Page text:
To understand the Tam o’ Shanter’s place in L.A. restaurant history, you might start by reading a proclamation from Councilwoman Jackie Goldberg that hangs on the Tam’s foyer wall. It offers up congratulations to “the oldest restaurant in Los Angeles in the same location under the same ownership and management.”
It’s a statement that’s basically true. The restaurant is still owned by descendants of the Van de Kamp and Frank families that started it (as well as Lawry’s and Van de Kamp’s bakeries), and it still sits on Los Feliz Boulevard (across from Costco in Atwater), where it was first built. But that’s not to say it hasn’t changed.
When the restaurant opened in June of 1922, on what was then a country road connecting Hollywood and Glendale, it was called Montgomerery’s Country Inn. Co-owner Lawrence Frank told the designer he wanted it “to look like something from old Normandy.” When the restaurant failed to thrive, a friend of the owners suggested a name change. “You could call it the Tam o’ Shanter after Robert Burns’ famous poem,” he suggested, “and put the waitresses in plaid costumes to carry out the idea.” Later, in the ’70s, the restaurant did a stint as the Great Scot.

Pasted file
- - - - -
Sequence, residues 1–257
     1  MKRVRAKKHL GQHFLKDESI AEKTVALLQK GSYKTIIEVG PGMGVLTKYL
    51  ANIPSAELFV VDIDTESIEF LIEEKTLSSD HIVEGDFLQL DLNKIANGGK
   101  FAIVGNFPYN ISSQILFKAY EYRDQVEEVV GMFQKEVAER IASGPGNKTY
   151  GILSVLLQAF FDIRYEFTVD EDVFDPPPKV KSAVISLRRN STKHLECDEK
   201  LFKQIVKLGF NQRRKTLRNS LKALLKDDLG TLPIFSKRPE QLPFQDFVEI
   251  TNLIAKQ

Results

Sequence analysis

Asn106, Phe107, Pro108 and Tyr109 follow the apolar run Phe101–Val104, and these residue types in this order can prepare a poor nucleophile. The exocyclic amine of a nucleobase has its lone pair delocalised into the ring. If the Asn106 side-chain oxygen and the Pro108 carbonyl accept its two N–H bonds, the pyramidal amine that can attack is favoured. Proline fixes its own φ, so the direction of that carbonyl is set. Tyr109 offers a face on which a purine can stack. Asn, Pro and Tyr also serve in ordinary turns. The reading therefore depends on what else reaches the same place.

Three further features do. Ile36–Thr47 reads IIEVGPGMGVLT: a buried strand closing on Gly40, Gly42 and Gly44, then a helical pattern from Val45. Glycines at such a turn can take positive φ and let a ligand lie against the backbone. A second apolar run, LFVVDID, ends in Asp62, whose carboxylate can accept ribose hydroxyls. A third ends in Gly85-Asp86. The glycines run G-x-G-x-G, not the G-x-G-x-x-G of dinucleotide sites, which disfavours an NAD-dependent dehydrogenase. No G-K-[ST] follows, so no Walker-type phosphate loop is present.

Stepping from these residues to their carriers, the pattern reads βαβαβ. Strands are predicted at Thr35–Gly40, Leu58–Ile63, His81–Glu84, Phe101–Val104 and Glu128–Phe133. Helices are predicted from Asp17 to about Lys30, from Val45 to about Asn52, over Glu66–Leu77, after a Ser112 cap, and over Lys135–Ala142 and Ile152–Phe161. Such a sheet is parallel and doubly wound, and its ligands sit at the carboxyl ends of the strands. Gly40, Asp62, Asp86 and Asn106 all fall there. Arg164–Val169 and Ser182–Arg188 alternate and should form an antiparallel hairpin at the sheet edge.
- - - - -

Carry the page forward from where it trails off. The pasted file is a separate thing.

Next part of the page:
The menu, too, has changed over the years. The original had things like country-style frankfurters and chicken-and-waffle dinners; later it became known primarily as a burger-and-spaghetti joint. Now the dining-room menu tends toward prime rib and steak.
Today, the real draw is the bar, with good British beers on tap, more-than-adequate chili, televised sports, and sandwiches made from the previous day’s left over prime rib. And if you can take the excess of plaid in the dining room, you can get perfectly fine beef and Yorkshire pudding.
Of his poem’s hero, Burns wrote, “Kings may be blest, but Tam was glorious.” Tam the restaurant, if not glorious, is at least a taste of history. 2980 Los Feliz Blvd.; (323) 664-0228.